"Virtual" is a word used by other manufacturers today. Virtual on one machine is not the same as on other machines. On the mainframe it is not only the memory that can be virtualized. On the mainframe, virtualization has been part of the design for over 30 years. It is the key factor that allows you to do consolidation on the mainframe. For more details on virtualization, see Chapter 7, "The Value of Virtualization."
2.4.1 The roots of z/VM
In the 1960s, hardware was expensive, and it was imperative to use a computer as economically as possible, that is, to run it as much of the time as possible. The machine was needed to run existing business applications, and also to test new programs. Ideally, each tester needed a full machine with all the hardware and software available. Thus, there was a need for an operating system environment that allowed multiple users to use a single machine. Within IBM, two approaches were taken to meet the need: the Time-Sharing System (TSS) and what was to become the Virtual Machine (VM) operating system.
Time sharing allows multiple users to share the use of the operating system. Virtual machines allow multiple operating systems to share the same machine hardware.
2.4.2 Virtual machines
The VM operating system started its days as an unofficial project. Wanting to build a timesharing system for S/360 but realizing that the "official" TSS project would not be able to provide the sophisticated testing platform that they needed, developers at the Cambridge Scientific Center started work on the Cambridge Monitor System (CMS) at the end of 1964.
It was to be a new kind of operating system, a system that would provide not only virtual memory, but entire virtual machines. In the virtual machine model, the hardware resources of a computer system are managed by one computer program, the Control Program (CP). Users' activities are managed by an operating system (CMS is one such OS). Developers saw that the cleanest way to protect users from one another was to use the S/360 Principles of Operations manual to describe the user's interface to the CP. Each user would have a virtual S/360 machine image in software created by the CP. The virtual machine image appears to be actual computer hardware to the programs running in that virtual machine, including operating systems and application programs. The idea of a virtual S/360 was new, but what was really important about their concept was that nobody until then had seen how elegantly a virtual machine system could be built, with very minor hardware changes and not much software.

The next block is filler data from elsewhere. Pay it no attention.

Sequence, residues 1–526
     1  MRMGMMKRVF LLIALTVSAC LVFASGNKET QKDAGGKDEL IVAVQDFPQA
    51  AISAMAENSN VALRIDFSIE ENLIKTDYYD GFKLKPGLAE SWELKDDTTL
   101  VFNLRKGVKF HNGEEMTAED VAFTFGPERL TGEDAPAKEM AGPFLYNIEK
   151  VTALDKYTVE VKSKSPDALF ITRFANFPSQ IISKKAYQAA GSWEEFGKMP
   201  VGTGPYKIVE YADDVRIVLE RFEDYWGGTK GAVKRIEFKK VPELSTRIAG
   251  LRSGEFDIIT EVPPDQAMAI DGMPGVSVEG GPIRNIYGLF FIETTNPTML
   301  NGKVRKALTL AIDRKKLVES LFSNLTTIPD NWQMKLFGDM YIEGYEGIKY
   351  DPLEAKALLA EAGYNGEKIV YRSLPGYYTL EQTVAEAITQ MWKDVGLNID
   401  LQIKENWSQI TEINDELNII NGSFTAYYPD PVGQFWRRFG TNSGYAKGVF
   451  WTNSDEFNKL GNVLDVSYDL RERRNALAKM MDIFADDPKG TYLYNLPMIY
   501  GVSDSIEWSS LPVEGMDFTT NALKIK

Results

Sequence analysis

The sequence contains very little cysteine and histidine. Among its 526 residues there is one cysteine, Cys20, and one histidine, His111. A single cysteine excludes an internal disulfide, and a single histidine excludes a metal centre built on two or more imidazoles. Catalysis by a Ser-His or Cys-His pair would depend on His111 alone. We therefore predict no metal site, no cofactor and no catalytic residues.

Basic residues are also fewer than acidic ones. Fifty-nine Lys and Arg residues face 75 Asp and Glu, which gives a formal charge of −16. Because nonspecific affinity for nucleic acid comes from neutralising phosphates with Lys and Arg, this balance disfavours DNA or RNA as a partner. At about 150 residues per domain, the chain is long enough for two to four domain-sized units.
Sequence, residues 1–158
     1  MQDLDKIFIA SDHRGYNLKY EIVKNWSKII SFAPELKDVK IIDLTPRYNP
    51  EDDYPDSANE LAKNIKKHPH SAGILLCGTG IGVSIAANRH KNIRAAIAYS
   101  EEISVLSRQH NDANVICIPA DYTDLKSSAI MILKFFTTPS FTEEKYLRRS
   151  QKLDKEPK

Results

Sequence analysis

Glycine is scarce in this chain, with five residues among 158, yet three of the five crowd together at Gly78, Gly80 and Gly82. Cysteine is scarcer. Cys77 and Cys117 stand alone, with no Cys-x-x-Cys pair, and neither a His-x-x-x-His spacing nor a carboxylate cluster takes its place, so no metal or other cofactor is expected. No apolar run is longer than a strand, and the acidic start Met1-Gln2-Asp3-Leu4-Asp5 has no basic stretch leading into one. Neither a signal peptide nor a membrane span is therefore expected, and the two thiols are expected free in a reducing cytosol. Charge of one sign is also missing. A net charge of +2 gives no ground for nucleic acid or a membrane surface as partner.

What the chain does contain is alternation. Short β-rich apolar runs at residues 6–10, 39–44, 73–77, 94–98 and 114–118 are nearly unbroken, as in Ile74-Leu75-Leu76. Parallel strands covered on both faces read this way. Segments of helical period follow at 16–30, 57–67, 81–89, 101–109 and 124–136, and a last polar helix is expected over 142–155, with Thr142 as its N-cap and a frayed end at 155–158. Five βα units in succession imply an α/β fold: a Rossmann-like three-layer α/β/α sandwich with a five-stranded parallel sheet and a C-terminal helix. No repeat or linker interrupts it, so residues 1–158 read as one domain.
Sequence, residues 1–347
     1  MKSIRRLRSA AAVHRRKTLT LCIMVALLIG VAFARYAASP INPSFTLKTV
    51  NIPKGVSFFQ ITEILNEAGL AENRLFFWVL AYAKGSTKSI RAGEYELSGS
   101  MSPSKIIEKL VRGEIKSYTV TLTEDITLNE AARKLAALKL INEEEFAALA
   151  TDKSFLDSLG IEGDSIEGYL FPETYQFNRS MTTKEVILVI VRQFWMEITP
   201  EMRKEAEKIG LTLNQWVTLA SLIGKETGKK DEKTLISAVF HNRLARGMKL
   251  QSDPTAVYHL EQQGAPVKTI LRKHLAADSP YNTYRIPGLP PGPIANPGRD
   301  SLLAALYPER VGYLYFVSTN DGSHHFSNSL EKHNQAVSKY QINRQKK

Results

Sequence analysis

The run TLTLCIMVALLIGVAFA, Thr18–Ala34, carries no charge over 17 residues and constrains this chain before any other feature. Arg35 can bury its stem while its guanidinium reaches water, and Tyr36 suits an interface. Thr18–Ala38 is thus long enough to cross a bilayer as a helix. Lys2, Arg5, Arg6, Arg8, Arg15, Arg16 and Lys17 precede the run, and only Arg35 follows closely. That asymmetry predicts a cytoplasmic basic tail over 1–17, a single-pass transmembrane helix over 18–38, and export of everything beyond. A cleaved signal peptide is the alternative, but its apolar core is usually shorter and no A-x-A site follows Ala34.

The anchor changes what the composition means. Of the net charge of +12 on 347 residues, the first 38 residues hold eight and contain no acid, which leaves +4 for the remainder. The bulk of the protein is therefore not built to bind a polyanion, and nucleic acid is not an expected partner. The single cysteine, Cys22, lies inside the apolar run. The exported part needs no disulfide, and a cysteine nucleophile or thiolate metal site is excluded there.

The CMS developers worked under a very early S/360 operating system until they got enough of CMS together so that they could start it stand-alone from a card reader. In 1972, IBM announced VM/370 as an operating system together with S/370 models 370/158 and 370/168. Today, this operating system has evolved into what is now called z/VM.
Virtualization, stemming from the time-sharing concept and the need to virtualize the hardware, made IBM go back and look at the mainframe architecture and extend it to ensure the isolation needed for the virtual machines and to allow the virtualization Control Program to optimize performance.
z/VM is an important reason why Linux on the mainframe is so attractive. The "guest operating system" capability of VM, along with the guest isolation provided by the virtual machine concept, makes it possible to run hundreds of Linux servers under z/VM.
Figure 2-14 shows a typical system with z/VM and Linux running as guest operating systems, side by side with other operating systems. z/VM itself can also run under z/VM (as a test environment, for example).
Figure 2-14. Linux as guest operating systems under z/VM
2.4.3 Logical partitioning (LPAR)
Some of the concepts of virtualization were so fundamental that it made sense to take them down below the architecture level. This became the logical partitioning (LPAR) and Processor Resource/Systems Manager (PR/SM) concepts.
Regardless of the number of central processors, a mainframe today can be divided logically into parts, giving the appearance of multiple different, totally separated and isolated computers to the users and to the system operator. A single zSeries 900 server today can be divided into as many as 15 logical partitions (LPARs).
For each LPAR, you can define the architecture and resources (central processors, central storage, and channels). A separate operating system can be installed and used in each LPAR. The operating systems in the LPARs can be different; you can run any mainframe operating system. An example is shown in Figure 2-15.
Figure 2-15. Linux images on one of two LPARS in a system
2.4.4 LPAR versus VM
With VM, resources can be dedicated to a guest operating system or virtualized. A virtualized resource appears to a program as a real resource that it can use fully. In fact, the resource is shared. With LPAR, resources can be dedicated (for the partition to use fully) or shared with other partitions. Table 2-3 shows the virtualization capabilities of VM and LPAR.